Press the number that corresponds to the correct location for the installation of Windows you want to repair.
    Typically this will be #1
    Enter in the administrator password when requested
    Enter in the following commands (X: is replaced by the actual drive letter that is assigned to the CD ROM drive.
    COPY X:\i386\NTLDR C\:
    Take out the CD ROM and type exit

    Bringing Up the Shutdown Dialog Box
    Create a new txt file somewhere on your system, open it and put in this one line:
    (new ActiveXObject("Shell.Application")).ShutdownWindow s();
    Save and Close the file. Change the extension to js and your got it.
    You can make a shortcut to that file to make it easy to shut down your system.

    Hiding the Last User Logged On
    If you use the standard NT style of login and want to hide the last user:
    Start the Group Policy Editor (gpedit.msc)
    Go to Computer Configuration / Windows Settings / Security Settings / Local Policies / Security Options
    Scroll down to Interactive logon: Do not display last user name
    Set it to Enable Go to top

    Poweroff at Shutdown
    If your computer does not turn off the power when doing a shutdown,
    you may need to edit the registry. I have all the correct BIOS and Power settings and still needed to do this.
    Start Regedit
    Go to HKEY_CURRENT_USER\Control Panel\Desktop
    Edit the key PowerOffActive and give it a value of 1
    You can do the same in HKEY_USERS\.DEFAULT\Control Panel\Desktop

    Remembering Folder Settings
    If XP does not remember your folder settings, delete or rename the following registry keys
    [HKEY_CURRENT_USER\Software\Microsoft\Windows\Shell NoRoam\BagMRU]
    [HKEY_CURRENT_USER\Software\Microsoft\Windows\Shell NoRoam\Bags]

    Preventing Applications from Stealing the Focus
    To prevent applications from stealing the focus from the window you are working
    Start Regedit
    Go to HKEY_CURRENT_USER \ Control Panel \ Desktop
    Edit the key ForegroundLockTimeout
    Give it a value of 00030d40

    Disable Explorer Thumbnail View
    If you want disable the Explorer's ability to show the Thumbnail View ,
    Start Regedit
    Go to HKEY_CURRENT_USER \ Software \ Microsoft \ Windows \ CurrentVersion \ Explorer \ Advanced \
    Change ClassicViewState to 1 Go to top

    Disable Shared Documents
    To disable the Shared Documents folder that shows up on the network
    Start Regedit
    Go to HKEY_CURRENT_USER \ Software \ Microsoft \ Windows \ CurrentVersion \ Policies \ Explorer \
    Create a new DWORD Value
    Give it the name NoSharedDocuments
    Give it a value of 1
    Log off or reboot

    Removing Thumbs.db Files
    When viewing a folder with the Thumbnail view, WindowsXP creates a thumbs.db file.
    This is a cache of the current pictures in that directory.
    If you want to turn this feature off and save a little disk space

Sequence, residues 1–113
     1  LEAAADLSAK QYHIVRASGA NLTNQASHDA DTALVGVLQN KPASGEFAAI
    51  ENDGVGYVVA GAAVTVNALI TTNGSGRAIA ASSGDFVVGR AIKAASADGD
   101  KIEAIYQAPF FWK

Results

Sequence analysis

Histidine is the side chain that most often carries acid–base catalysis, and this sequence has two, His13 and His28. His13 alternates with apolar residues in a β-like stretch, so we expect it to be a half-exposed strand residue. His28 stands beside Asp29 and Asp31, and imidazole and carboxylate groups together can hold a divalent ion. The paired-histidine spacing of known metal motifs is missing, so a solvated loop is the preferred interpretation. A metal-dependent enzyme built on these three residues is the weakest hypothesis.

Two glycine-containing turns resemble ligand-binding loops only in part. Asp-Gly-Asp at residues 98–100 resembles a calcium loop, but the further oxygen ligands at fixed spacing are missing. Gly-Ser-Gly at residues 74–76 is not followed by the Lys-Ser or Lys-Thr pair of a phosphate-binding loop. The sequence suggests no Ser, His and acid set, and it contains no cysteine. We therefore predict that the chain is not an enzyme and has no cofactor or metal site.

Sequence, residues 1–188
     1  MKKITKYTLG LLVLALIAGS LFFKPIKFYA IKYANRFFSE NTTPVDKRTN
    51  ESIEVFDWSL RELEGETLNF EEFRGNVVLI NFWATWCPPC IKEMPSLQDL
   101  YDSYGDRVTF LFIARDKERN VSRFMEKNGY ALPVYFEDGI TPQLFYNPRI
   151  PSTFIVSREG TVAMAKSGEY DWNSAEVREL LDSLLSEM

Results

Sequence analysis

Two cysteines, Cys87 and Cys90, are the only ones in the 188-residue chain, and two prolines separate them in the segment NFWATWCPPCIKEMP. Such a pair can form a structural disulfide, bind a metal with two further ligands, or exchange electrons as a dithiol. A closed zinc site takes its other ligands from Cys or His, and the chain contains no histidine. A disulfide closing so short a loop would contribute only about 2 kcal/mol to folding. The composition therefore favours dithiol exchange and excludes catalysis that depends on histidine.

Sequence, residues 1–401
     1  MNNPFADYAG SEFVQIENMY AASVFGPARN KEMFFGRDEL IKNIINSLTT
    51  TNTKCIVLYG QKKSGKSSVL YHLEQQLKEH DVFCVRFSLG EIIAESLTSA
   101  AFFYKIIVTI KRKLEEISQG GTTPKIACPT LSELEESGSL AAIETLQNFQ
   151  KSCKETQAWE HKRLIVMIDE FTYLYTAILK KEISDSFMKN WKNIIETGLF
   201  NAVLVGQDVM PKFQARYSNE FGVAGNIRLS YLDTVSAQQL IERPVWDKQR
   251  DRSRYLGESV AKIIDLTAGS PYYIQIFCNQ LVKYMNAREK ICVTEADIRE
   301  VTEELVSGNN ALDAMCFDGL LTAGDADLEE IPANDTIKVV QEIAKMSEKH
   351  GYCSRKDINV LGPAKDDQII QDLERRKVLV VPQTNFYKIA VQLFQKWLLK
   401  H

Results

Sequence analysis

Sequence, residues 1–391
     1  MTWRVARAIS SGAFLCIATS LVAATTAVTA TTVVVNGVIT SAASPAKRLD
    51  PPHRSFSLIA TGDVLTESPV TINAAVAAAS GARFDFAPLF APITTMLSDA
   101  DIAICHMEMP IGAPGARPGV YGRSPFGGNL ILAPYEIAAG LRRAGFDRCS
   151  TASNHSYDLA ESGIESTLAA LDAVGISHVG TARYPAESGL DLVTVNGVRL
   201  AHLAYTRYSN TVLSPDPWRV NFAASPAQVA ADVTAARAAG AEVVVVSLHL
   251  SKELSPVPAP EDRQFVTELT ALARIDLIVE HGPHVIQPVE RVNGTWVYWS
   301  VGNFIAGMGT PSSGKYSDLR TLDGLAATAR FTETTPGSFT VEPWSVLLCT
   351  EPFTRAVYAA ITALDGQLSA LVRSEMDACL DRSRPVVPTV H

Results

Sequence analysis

Start the Windows Explorer
    Go to Tools / Folder Options / View
    In the first section under Files and Folders, check Do not cache thumbnails
    Now you can search for the thumbs.db file on your computer and remove them. No more should be created.

    Enable / Disable the Task Manager
    Start Regedit
    Go to HKEY_CURRENT_USER\Software\Microsoft\Windows\Curre ntVersion\Policies\System
    Create the Dword value DisableTaskMgr
    Give it a value of 0 to enable it
    Give it a vaule of 1 to disable it Go to top

    Clearing the Page File on Shutdown
    Another way to set the computer to clear the pagefile without directly editing the registry is:
    Click on the Start button
    Go to the Control Panel
    Administrative Tools
    Local Security Policy
    Local Policies
    Click on Security Options
    Right hand menu - right click on "Shutdown: Clear Virtual Memory Pagefile"
    Select "Enable"

    If you want to clear the page file on each shutdown:
    Start Regedit
    Go to HKEY_LOCAL_MACHINE\SYSTEM\CurrentControlSet\Contro l\Session Manager\Memory Management\ClearPageFileAtShutdown
    Set the value to 1

    No GUI Boot
    If you don't need to see the XP boot logo,
    Click on the BOOT.INI tab
    Check the box for /NOGUIBOOT

    Using the Classic Search in Explorer
    If you prefer to use the classic search style in Explorer,
    Start Regedit
    Go to HKEY_CURRENT_USER\Software\Microsoft\Windows\Curre ntVersion\Explorer\CabinetState
    Add a String Key called Use Search Asst
    Give it a value of no Go to top

    Changing Drive Letters
    If you want to change the letters assigned to your fixed or removable drives:
    Right Click on My Computer
    Select Manage
    Select Disk Management
    For a Fixed Disk:
    Select it
    Right click
    Select Change Drive Letter and Path
    Click on the Edit button
    Enter in the letter you want to use
    For a Removable Disk:
    In the lower, right hand panel, right click on the Disk or CD ROM #
    Select Change Drive Letter and Path
    Click on the Edit button
    Enter in the letter you want to use

    Changing the Registered Owner